That low rumble you can feel in your chest cavity can only mean one thing constant reader, the Omnibus is pulling back into Manifesto station to take you on another guided exploration of a single building theme. In the past you’ve enjoyed tours devoted to board games, Captain America, Owls and an exhaustive (some say torturous) look at float-planes and the men who love them. In this latest edition we’ll be gawking appreciatively at models inspired by the 1999 ground breaking sci-fi extravaganza, The Matrix and it’s two unfortunate sequels, “Reloaded” and Revolutions“. It’s the movie that brought us bullet-time, a soundtrack for the ages and Laurence Fishburne in tiny legless sunglasses. So call for an operator, it’s time to see what the Matrix has to offer.
Just like the opening scenes of the film, I’d like to get things started with a bang. Let’s begin our examination of Neo’s Lego journey with my favorite offering in this rogues gallery of great Matrix models. “…See your enemy…” is the single most impactful mosaic I’ve encountered to date and that includes a slew of more technically complex lenticular examples that are out there. As with most great Lego creations, seeing the mosaic in person adds a whole new level of appreciation, the trans orange has the power to draw spectators from across a convention floor. Simply put the mosaic is stunning and I’d be willing to wager that builder Brandon Griffith has been offered some serious cash for the piece since it’s posting in 2009. On more than one occasion I’ve been tempted to copy it for my Legoratory wall, since my multiple efforts to abscond with it have not gone as planned.
Perhaps the most obvious and popular choice for the Lego treatment is the tunnel-running hover-ships that populate all three movies. Although it is my assertion that we have not yet seen the definitive Lego-built Nebuchadnezzar, some might argue that Adrian Drake got the closest way back in 2002. While his version was certainly very popular at the time of release and featured a full interior, it hasn’t aged well, the available photos are tiny and The Drake such an overbearing lurch in person that I don’t want to promote his stuff beyond a link for historical value.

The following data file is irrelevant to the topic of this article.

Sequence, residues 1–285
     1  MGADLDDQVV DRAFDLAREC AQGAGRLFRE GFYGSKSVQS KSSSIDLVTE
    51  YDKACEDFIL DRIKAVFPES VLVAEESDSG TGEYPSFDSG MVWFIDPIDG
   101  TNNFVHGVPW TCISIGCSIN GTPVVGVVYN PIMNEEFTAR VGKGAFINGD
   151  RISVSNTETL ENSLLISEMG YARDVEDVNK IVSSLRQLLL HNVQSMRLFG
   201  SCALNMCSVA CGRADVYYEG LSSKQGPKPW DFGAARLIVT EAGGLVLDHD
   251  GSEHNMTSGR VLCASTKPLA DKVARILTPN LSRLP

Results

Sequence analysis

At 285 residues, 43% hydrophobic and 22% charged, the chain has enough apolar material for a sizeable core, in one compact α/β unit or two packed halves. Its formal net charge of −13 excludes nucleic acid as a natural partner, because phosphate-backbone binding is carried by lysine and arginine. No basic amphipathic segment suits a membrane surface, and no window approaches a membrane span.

The Nebuchadnezzar-inspired hover-ship on the left is called “Novalis”, and it was designed by the criminally underrated Paul Meissner along with the “Cerberus” on the right. For my money “Novalis” is the best model in this very specific hover-ship sub-category. The angles are just right, the hover-pads are plentiful and it looks ready to fight off a swarm of robotic Sentinels. I even dig the blunt nose, it looks both mean purposeful. The “Cerberus” is a strong effort as well, but I don’t particularly care for the trans-yellow bits and the lines feel more choppy and almost pixellated to me. I’m also not a fan of the tiled-over dorsal section, I think there was a missed opportunity for more shaping or texture. Both vehicles are fine examples though and it would be interesting to see Paul revisit the form.
Chris White took a shot at the Nebuchadnezzar and while I don’t particularly like the undersized hover-pads, I do like the decision to go with trans blue and I think he nailed the challenging shape of the fuselage better than most. If imitation is a form of success, Chris was successfully selling reproductions for several years, at a time when such an endeavor wasn’t as common as it is today with everyone and their mother pitching designs for Lego Ideas and selling models on Bricklink or Ebay.
Friend of the blog and long time crony Andrew Lee also had the Matrix fever back in the day and his “Ganesha” definitely makes the cut for the Omnibus. I like how he changed up the color scheme and the nose holds up quite well in the intervening 9 years. It’s also got a bitchin’ ramp right under the cockpit and a detailed (if sort of stunted) interior. As with everything Lee builds, it somehow looks infused with heavy metal, booze and a hard to quantify “fuck it” attitude.
The once and future “Porn King of Utah”, Ryan Wood tried his hand at a hover-ship with pretty good results considering it is 13 years old. Ryan pioneered this particularly effective style of hover-pad which elicited more than a few exclamations of “NPU!” back in the day. It’s kind of a chibi-version of the Nebuchadnezzar called “The Nacon“, with distorted proportions, but it is important because it inspired quite a few builders to take a shot at their own hovership and that minifig visor technique was widely copied in a number of sci-fi applications. Unfortunately we’ve pretty much lost Ryan Wood the builder to the Merlin entertainment group, where he presides over the construction of massive projects for the many Lego theme parks around the world and that’s a shame because I miss his creativity and boundless enthusiasm for the action. He’s is one more example of how that job basically kills a person’s desire to build for fun.
Unfortunately only a tiny photo remains of the “Logos” hover-ship from former wunderkind Bruce Lowell but you can still make out the enticing curves and unique shape. I’m pretty sure this a microscale creation but I can’t tell for certain.
This 2012 microscale version of the Neb is easy on the eyes, and greatly enhanced by the minimalist background diorama and typically impeccable photography. It was constructed 5 years ago by the always reliable SPARKART! and it almost seems to float with a View-Master quality to the image. It’s no mean trick to make a dark gray model pop against a dark gray background but the builder manages the task in style.
Staying small for the moment, enjoy this 2009 microscale Neb from Frankus!. The proportions might be a little wonky and the tail section seems a little thick, but some people like big butst, and they cannot lie. It’s too bad Frankus! (I love any screen name with an exclamation mark) stopped building after a short but promising run, he was just hitting his stride when he wandered off.